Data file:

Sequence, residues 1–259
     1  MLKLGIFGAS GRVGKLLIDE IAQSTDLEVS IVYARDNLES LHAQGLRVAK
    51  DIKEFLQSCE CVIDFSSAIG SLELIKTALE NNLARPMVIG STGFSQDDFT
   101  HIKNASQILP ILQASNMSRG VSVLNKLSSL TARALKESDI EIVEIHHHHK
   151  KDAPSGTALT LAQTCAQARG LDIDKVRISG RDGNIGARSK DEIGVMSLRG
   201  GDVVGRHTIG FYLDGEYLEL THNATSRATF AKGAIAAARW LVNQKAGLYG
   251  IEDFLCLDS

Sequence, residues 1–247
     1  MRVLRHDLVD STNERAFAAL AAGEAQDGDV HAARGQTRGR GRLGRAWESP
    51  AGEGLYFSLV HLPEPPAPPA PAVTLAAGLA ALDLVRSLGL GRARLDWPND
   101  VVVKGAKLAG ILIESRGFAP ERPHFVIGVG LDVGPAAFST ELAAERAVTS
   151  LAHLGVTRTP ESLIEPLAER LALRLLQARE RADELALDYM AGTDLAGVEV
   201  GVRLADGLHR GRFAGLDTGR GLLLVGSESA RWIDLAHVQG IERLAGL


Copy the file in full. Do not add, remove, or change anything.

Sequence, residues 1–259
     1  MLKLGIFGAS GRVGKLLIDE IAQSTDLEVS IVYARDNLES LHAQGLRVAK
    51  DIKEFLQSCE CVIDFSSAIG SLELIKTALE NNLARPMVIG STGFSQDDFT
   101  HIKNASQILP ILQASNMSRG VSVLNKLSSL TARALKESDI EIVEIHHHHK
   151  KDAPSGTALT LAQTCAQARG LDIDKVRISG RDGNIGARSK DEIGVMSLRG
   201  GDVVGRHTIG FYLDGEYLEL THNATSRATF AKGAIAAARW LVNQKAGLYG
   251  IEDFLCLDS

Sequence, residues 1–247
     1  MRVLRHDLVD STNERAFAAL AAGEAQDGDV HAARGQTRGR GRLGRAWESP
    51  AGEGLYFSLV HLPEPPAPPA PAVTLAAGLA ALDLVRSLGL GRARLDWPND
   101  VVVKGAKLAG ILIESRGFAP ERPHFVIGVG LDVGPAAFST ELAAERAVTS
   151  LAHLGVTRTP ESLIEPLAER LALRLLQARE RADELALDYM AGTDLAGVEV
   201  GVRLADGLHR GRFAGLDTGR GLLLVGSESA RWIDLAHVQG IERLAGL